Group think, false consensus, and confirmation bias the trifecta for bad decision making

Posted: July 24, 2012 in Game Theory, Psychology

Group think and false-consensus compounded by the presence of confirmation bias can be a very frustrating in a decision making environment. In a business setting it is common for group think to occur as the fear of feather ruffling and desire to appease others  creates problematic conformity at the cost of independent critical thinking. Groups that then come to an immediate conforming opinion assume that this quick alignment can only be because the decision was simply the natural solution, they then project their ideals onto the wider audience under the assumption that their opinions are shared under the false-consensus phenomenon. Lastly the group seeks out evidence that reinforces their beliefs while selectively ignoring information that contradicts them.

Group think

Group think is the problem that occurs when the desire for harmonious decision making hinders the group’s ability to critically think and assess alternative views.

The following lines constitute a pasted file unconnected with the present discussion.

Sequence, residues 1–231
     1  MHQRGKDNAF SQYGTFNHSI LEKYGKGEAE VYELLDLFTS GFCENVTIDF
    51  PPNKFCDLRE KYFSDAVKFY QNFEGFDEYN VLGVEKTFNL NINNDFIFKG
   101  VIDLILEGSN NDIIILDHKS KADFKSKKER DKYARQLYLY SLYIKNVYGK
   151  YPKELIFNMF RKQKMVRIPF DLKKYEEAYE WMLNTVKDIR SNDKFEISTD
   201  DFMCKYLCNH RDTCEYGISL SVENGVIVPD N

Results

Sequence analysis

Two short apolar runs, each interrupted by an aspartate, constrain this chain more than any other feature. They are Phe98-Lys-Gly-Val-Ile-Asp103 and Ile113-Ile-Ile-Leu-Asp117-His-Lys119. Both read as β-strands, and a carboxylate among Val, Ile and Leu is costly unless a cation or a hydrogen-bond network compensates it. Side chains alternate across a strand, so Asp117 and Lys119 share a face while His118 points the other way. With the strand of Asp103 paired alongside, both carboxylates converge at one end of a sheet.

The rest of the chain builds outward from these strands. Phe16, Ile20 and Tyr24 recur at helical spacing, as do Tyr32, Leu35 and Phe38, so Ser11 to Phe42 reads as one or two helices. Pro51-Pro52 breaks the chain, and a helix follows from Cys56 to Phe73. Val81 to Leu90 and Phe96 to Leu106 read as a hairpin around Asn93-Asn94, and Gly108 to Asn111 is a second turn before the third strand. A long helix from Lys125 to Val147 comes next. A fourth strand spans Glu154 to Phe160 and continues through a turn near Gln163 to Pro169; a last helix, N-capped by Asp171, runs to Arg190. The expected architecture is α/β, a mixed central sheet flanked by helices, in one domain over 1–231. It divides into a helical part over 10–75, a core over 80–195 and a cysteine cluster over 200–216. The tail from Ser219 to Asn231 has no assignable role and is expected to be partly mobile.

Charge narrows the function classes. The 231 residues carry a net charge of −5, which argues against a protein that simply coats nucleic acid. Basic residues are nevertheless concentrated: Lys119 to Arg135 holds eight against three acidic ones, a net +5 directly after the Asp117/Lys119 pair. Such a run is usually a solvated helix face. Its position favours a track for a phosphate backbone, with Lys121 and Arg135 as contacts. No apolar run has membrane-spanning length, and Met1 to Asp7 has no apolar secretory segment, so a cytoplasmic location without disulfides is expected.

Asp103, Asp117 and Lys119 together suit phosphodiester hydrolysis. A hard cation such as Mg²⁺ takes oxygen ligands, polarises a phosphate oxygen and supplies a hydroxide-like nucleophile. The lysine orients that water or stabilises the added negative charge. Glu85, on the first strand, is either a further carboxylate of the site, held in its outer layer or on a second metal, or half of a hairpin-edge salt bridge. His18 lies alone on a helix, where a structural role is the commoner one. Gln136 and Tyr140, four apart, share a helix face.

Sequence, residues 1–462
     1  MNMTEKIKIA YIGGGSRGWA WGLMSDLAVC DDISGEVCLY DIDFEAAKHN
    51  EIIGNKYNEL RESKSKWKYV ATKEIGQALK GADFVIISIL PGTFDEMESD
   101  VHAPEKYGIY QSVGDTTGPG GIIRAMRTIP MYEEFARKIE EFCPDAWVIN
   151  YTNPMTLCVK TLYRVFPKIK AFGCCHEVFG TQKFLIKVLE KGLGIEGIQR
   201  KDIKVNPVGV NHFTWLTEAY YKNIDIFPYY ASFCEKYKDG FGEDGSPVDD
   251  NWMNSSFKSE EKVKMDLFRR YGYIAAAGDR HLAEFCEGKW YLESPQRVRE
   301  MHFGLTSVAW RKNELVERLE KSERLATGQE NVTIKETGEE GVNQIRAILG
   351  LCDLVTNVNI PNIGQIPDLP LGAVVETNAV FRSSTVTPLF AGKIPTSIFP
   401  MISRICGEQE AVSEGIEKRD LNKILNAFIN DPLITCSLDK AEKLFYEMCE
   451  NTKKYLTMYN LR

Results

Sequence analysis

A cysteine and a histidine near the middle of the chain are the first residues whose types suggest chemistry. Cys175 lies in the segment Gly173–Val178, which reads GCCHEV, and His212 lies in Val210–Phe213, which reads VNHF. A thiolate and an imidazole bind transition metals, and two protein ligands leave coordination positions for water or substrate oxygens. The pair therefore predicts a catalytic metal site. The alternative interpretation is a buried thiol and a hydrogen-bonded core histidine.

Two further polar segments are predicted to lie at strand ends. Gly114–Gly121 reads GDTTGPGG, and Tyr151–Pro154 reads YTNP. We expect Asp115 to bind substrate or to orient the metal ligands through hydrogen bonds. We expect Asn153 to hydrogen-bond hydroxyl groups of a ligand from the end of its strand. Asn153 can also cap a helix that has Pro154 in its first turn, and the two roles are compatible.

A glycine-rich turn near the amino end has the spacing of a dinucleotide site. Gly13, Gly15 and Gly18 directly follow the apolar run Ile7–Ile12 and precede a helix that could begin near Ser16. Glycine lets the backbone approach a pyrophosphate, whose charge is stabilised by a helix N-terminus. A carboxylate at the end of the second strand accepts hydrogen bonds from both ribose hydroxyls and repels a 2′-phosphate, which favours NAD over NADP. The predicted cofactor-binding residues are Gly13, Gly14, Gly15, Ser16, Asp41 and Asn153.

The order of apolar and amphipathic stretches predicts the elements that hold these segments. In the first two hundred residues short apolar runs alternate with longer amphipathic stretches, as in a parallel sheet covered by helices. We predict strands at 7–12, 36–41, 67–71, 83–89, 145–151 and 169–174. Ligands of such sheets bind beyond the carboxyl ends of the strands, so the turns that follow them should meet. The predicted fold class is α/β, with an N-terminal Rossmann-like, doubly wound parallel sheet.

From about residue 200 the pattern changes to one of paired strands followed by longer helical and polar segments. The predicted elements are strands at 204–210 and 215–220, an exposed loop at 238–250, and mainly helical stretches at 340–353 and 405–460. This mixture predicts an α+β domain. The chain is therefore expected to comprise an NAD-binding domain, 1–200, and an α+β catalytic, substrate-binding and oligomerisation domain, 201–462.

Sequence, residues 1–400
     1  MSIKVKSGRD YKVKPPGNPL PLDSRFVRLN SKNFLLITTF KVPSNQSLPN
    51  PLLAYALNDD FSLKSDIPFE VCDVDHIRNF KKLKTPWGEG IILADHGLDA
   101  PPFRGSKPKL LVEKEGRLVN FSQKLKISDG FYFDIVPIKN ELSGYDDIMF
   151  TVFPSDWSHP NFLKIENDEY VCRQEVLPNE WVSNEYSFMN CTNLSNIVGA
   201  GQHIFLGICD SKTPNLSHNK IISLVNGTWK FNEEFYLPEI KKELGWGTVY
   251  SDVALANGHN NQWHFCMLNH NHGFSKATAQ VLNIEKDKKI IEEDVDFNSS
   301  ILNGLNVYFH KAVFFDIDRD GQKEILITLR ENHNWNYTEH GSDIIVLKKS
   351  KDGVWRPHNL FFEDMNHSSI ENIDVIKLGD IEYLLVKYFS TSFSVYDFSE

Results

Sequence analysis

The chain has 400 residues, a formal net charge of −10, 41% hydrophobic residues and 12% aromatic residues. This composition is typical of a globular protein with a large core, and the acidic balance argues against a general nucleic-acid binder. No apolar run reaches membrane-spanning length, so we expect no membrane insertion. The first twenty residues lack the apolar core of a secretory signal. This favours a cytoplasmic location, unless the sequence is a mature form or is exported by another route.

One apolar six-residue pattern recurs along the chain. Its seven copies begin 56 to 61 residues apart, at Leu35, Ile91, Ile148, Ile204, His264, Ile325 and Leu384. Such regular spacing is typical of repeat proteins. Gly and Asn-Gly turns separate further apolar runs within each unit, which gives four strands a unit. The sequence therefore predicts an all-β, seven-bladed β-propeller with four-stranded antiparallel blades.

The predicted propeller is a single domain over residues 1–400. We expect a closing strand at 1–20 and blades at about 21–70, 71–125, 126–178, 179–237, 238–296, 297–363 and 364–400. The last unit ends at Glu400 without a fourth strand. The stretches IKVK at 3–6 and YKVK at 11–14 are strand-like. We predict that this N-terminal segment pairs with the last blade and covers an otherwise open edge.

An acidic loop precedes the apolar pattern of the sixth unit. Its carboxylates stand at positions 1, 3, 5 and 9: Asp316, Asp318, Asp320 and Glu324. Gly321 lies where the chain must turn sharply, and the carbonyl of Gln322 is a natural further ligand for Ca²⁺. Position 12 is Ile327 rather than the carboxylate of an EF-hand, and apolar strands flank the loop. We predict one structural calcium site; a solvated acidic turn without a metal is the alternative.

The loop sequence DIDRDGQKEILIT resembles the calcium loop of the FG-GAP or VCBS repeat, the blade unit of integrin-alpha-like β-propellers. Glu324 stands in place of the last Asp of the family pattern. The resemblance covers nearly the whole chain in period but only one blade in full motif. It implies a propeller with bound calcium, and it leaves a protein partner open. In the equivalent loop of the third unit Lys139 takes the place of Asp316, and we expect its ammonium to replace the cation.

False-consensus is the problem that arises from people’s tendencies to assume that they are the epitome of normality and that the majority of people share the same beliefs and values as they do.

Confirmation bias

Confirmation bias is the problem that arises where people selectively acknowledges information that reinforces their beliefs and values or selectively ignores information that contradicts their beliefs and values.

Final remarks

For a business to stamp out these traits it needs to come from the top, opposition should not be punished simply as a matter of pride and it needs to be made clear that questioning and contradicting those around you is not only acceptable but expected as part of a 360 sanity check of business decisions. Staff should also be encouraged to widen their horizons and understand the strategic objectives of the organisation, applying critical thinking around how decisions line up with strategic direction.


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